The Italian shoemaker Riccardo Bestetti tragically passed away this week, after a period of illness. He was an amazing person who did amazing shoes, and he will be missed by many.
Riccardo Bestetti, or Freccia as he was called, caught my attentionfor four-five years ago, when his new semi bespoke range Novecento would soon launch and pictures of it began to spread online and in social media. I was immediately fascinated by what I saw. An elegant combination of old traditional Italian style with wider welts and beautiful patina, but with a slimmer design and very narrow, high pegged fiddle waists which looked more like something you would see on the finest cowboy boots. And the lasts was unlike any other, with terrific accentuated forms. About seven years ago he had had a bit of a revelation, and moved away from the quite traditional Italian style he had done before, and developed new lasts and changed the way he built his shoes. First just on the bespoke side but later then with the Novecento semi bespoke range, which also formed the basis for RTW models subsequently launched.
I started emailing with Riccardo to make a Novecento order, the wonderful adelaide Maverick in tan on a modified version of his almond toe last. I experienced him as genuinely courteous and friendly, he answered all the tedious questions I had, and sent continuous updates on how the production progressed. I soon learned that he in the classical Italian manner was an extreme time optimist, things he said would take a couple of weeks, probably because it was what he really wanted them to take, often took two months, since reality caught up between. When the shoes came they were of course amazing, and it might still be the shoes I received the most compliments for.
I met him in reality the first time in spring 2014, when he visited Gothenburg and the store Spiga 3 for a trunk show. Riccardo was tired after stressful travel day, but in a great mood. I was there early in the afternoon and sat for an hour with him for an interview. He told me how he as 26-year-old went to the US to visit his brother and became aware of cowboy boot-making, how he was sitting with books on the subject and took apart old vintage boots to learn how to make them, trained on his own, and then after a few years moved back to Italy and opened a bespoke workshop. He told me about the revelation I mention above, about how the internet helped him build a name for himself. About Vigevano outside Milan, where he lived and worked. About his family. During the whole interview, he had close to laughter and told the stories with feeling and passion.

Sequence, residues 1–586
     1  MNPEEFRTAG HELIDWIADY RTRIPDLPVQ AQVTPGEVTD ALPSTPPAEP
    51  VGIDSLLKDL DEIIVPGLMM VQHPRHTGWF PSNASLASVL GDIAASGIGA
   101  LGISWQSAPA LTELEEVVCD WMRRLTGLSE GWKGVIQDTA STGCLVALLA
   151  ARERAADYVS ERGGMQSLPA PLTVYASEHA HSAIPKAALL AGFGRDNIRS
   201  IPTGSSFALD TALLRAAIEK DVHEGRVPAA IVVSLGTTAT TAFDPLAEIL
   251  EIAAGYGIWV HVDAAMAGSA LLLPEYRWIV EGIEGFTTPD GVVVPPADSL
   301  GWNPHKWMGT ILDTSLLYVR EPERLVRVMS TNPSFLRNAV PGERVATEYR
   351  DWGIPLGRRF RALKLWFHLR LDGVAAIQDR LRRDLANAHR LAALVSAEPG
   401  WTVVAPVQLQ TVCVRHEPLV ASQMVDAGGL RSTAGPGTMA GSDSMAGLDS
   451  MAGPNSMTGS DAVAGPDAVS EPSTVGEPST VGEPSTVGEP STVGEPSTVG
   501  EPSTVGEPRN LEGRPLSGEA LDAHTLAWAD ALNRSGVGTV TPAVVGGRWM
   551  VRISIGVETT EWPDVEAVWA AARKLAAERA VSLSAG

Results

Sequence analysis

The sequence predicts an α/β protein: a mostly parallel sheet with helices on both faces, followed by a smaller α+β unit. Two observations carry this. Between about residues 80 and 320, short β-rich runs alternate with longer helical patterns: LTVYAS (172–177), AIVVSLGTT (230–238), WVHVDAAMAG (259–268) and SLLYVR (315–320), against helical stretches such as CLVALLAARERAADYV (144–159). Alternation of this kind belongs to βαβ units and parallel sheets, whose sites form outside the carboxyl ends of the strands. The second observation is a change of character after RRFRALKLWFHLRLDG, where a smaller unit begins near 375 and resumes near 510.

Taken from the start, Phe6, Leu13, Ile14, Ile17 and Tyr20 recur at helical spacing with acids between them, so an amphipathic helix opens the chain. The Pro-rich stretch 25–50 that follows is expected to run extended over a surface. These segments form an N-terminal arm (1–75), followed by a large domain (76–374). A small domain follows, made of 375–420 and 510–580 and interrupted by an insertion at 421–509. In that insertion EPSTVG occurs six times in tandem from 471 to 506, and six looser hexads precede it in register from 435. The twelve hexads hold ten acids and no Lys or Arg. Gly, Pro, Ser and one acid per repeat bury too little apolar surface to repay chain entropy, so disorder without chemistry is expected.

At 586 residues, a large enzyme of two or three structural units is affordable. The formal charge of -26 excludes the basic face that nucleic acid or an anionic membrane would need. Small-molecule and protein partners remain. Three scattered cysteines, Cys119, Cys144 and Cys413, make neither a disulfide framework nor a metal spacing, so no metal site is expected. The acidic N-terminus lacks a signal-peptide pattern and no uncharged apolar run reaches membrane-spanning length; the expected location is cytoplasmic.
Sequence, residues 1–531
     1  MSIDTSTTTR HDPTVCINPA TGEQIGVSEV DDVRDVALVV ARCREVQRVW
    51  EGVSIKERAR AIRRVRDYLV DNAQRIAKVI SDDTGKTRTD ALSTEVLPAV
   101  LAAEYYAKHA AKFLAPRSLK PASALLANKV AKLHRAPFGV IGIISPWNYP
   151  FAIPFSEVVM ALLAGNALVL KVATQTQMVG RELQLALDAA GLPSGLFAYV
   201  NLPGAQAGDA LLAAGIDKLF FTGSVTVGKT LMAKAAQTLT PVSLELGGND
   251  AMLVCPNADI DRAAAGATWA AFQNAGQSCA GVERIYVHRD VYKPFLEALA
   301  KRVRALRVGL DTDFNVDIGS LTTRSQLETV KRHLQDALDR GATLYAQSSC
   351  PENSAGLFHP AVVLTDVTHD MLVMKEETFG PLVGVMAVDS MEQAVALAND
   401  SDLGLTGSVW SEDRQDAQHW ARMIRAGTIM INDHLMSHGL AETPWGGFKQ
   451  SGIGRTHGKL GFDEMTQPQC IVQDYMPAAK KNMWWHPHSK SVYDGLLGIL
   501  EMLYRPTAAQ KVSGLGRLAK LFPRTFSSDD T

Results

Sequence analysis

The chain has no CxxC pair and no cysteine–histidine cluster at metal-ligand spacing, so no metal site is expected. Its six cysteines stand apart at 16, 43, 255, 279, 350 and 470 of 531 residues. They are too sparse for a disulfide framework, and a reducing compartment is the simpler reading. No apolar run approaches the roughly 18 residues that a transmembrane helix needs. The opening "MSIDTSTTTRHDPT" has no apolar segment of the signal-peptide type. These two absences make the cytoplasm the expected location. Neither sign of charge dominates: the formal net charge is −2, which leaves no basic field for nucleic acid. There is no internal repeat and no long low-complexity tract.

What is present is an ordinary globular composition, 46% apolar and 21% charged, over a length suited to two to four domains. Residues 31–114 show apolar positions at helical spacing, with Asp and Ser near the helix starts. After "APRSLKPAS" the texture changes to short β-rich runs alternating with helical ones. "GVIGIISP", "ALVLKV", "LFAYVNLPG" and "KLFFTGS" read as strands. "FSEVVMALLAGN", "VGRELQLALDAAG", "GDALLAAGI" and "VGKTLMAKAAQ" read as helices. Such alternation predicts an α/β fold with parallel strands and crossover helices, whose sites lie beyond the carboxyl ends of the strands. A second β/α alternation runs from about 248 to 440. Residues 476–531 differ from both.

Ever since then I have had regular contact with Riccardo, about orders, about general shoe subjects that we sometimes discussed and the things he needed help with, but also about the Shoegazing Super Trunk Show that he was part of last year. The first impression I got of him always accompanied, as a caring, friendly, funny and optimistic person. This summer I learned that he had problems with his lungs, and he was in hospital. The last contact we had was a couple of weeks ago, then he felt better and looked forward to soon be discharged. This never happened. Riccardo Freccia Bestetti passed away this week, before he even passed 50. Thoughts are of course with his family. What happens to his business is unclear, and not particularly important right now.
It’s a great loss to the shoe world. A great loss to the world.